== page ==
Last night was Manchester, where we had a hang out with Andy Rourke and Mike Joyce. It was a little surreal, like when worlds collide. Speaking of which, it was odd that yesterday we hung with those dudes, and today we got some Google news alerts about Krief’s feelings about our Morrissey shows. Alls I’s gots to say about the whole thing is that we’ve played four shows with the gentle Moz, and I’ve still never met the guy. Just the way it goes, I guess.

Now if only I had a story to tell about Johnny Marr.

Berlin & Munich

I pretend Germany doesn’t interest me, that there’s something too grotesque about the past; too complicated. We walked by the Polish Cultural centre, Murray asked if I wanted to go in and I declined: “I can’t, I’ll probably just start crying.” So Berlin, all its older buildings pockmarked and crumbling by WWII bullet marks and shrapnel. I emailed my friend Malcolm: “It’s like walking through Medal of Honour for PS2,” but actually it really made me choked up. Like on these very sidewalks, there was a battle, there was rubble and blood. A battle for my family, a gunfight for our future. I know, I know, there are still wars going on today, but, at risk of total selfishness, I admit that this is the only one that directly affected my family.

So our gig is at a former bunker or wine cellar, its original use we are not sure of, but either is feasible. During the show I noticed actual mortar from the domed brick ceiling had fallen onto my keyboard. Actual mortar. Like where does that ever happen, except in some semi-centennial, aged cavern?

This place is fucked but there is something I like about it. Also, at every show in this country, I swear there has been a couple making out every night. Now that’s special.

I had a dream about food. It’s reached that point in the tour, where I get insanely homesick, jealous of other people’s house plants. So I dreamt about food, I invented a recipe in my sleep. It goes like this: take an eggplant and scoop out all the guts but leave about 1cm of pulp next to the skin. Ok now take the pulp and cook it up with onions, garlic, rice and some sunflower seeds, mushrooms and parmesan or something like that. THEN get some green beans, cut into 1 inch pieces and blanched. Now fill the eggplant shell three-quarters of the way with the rice mixture, then top it with the green beans, then some shredded mozza cheese. Just a sprinkle. Then bake for like 30 minutes at 350C. Serve with fresh tomato sauce. Holy fuck that would be really good. I can’t wait to try making it when I get home.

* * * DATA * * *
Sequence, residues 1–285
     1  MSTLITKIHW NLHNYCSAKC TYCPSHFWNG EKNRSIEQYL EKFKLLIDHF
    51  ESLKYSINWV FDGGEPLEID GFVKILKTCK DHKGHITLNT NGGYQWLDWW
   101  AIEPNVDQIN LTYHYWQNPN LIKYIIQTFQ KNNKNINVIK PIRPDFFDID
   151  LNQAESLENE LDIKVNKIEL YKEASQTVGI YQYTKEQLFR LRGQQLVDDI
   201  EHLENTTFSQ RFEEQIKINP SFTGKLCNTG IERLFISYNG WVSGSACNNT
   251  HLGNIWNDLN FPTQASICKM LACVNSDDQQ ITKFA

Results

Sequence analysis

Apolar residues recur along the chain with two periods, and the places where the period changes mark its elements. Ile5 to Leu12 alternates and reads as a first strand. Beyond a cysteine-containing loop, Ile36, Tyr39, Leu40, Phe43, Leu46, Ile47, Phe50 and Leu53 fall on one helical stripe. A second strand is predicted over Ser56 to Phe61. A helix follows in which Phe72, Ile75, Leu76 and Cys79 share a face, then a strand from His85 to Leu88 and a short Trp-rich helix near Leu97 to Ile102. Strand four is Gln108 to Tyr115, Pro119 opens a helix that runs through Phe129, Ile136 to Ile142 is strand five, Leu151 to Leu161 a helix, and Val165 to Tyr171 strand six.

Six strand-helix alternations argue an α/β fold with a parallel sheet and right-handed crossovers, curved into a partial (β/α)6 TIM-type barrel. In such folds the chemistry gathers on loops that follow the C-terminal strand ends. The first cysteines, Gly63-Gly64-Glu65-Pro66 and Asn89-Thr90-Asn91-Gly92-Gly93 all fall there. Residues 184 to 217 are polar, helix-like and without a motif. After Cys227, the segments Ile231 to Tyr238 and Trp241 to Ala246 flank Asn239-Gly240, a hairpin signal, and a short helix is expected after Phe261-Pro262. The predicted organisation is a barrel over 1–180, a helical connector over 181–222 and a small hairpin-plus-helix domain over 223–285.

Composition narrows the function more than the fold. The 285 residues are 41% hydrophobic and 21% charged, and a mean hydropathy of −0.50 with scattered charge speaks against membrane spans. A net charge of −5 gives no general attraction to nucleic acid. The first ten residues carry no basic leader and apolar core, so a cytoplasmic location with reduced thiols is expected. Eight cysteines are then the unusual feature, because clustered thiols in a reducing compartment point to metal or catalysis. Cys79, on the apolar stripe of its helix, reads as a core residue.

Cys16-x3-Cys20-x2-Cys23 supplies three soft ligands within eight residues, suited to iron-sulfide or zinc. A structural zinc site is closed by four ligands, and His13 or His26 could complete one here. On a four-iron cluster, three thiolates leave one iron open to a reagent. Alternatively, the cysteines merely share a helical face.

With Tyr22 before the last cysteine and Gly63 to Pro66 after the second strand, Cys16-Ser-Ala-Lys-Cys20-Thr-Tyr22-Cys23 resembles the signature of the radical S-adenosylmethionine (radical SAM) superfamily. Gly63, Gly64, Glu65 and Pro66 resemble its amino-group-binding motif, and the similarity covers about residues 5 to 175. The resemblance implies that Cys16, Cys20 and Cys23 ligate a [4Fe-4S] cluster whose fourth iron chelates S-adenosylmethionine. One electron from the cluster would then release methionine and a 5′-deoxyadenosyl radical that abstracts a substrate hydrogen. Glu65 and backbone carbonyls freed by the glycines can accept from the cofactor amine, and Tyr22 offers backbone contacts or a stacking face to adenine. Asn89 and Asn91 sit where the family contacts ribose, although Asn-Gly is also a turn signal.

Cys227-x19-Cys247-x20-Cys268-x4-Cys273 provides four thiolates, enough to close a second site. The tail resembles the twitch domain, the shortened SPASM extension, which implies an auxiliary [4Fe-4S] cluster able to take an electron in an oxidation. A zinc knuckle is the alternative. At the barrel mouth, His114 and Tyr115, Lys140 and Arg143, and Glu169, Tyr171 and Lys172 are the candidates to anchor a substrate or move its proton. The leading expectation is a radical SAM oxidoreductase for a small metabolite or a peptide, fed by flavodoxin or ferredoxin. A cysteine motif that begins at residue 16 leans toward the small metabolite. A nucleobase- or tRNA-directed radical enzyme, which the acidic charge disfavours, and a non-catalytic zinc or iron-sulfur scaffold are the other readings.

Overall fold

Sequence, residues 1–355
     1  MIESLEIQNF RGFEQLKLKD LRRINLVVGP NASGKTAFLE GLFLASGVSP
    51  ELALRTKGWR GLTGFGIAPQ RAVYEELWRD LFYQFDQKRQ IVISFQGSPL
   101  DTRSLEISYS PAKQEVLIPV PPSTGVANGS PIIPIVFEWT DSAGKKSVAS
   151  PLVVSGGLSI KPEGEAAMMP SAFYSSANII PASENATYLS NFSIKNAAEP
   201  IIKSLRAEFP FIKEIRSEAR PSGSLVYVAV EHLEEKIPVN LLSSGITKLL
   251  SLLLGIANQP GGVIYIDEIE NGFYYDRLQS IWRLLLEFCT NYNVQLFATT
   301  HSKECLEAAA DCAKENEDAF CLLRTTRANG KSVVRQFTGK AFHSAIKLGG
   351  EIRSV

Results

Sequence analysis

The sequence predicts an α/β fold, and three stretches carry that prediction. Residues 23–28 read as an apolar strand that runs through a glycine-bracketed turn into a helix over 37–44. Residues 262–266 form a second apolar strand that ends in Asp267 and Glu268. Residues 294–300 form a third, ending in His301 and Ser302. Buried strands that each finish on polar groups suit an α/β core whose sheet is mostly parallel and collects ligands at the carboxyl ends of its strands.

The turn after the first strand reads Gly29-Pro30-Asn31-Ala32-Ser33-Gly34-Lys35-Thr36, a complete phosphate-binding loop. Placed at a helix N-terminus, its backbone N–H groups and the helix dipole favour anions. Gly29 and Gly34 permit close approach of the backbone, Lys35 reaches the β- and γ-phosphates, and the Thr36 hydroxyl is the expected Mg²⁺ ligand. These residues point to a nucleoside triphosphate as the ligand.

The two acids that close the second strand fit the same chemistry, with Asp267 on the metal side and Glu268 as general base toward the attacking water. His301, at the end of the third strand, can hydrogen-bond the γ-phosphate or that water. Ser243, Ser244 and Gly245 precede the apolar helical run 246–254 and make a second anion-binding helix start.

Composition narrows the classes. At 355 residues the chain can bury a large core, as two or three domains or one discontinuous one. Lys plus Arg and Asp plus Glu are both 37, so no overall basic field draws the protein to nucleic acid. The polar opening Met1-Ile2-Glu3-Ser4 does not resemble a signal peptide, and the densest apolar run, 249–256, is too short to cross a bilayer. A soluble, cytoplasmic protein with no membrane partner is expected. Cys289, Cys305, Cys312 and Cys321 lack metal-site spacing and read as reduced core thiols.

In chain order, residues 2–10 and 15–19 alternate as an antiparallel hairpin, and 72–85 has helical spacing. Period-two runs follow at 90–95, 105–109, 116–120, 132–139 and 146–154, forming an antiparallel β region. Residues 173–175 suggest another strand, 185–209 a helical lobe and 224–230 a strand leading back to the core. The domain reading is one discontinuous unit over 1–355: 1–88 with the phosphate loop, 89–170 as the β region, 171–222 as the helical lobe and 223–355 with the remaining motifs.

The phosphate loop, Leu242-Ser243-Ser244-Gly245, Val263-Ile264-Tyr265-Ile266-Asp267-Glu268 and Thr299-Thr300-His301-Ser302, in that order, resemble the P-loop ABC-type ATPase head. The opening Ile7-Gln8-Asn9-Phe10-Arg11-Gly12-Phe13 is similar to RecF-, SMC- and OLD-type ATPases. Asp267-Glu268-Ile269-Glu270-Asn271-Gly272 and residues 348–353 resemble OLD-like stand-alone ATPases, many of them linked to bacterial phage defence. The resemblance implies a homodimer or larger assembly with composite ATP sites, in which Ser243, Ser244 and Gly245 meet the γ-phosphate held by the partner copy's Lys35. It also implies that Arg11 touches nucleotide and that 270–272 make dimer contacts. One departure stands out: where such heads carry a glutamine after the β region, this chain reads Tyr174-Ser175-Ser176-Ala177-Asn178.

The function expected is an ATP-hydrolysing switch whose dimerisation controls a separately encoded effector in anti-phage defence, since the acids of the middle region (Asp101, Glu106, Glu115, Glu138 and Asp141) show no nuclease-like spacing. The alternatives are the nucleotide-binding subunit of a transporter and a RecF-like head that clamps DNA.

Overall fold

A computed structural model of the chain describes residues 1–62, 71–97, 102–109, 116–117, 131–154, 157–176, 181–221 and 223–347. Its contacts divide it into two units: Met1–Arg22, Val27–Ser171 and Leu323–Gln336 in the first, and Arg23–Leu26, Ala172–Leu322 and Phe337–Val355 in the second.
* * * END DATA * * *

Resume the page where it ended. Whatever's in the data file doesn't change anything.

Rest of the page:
Wow I’m such a loser. I finished typing this after our gig in Munich. We played in some building that is three hundred years older than I am.

Autumn in Amsterdam

For an indifferent city, Amsterdam’s weather is very moody. Sunny clear skies, then a burst of rain, then a full rainbow, then a flash of lightning, a clap of thunder, and hail. And still people riding their bicycles, riding in parkas, holding umbrellas, talking on mobile phones. They don’t really mind, here.

On our way back to the hotel after the show last night, a dude that seemed very tall rolled up behind us on his bike. He came up suddenly, and pointing at Murray, firmly congratulated us on the gig. It started to rain and he questioned why we had to walk back to the hotel? Murray replied: “I put my pants on like everyone else, one leg at a time!” The rain got a little harder as he rode off. Then the rain stopped, and that was the end of it.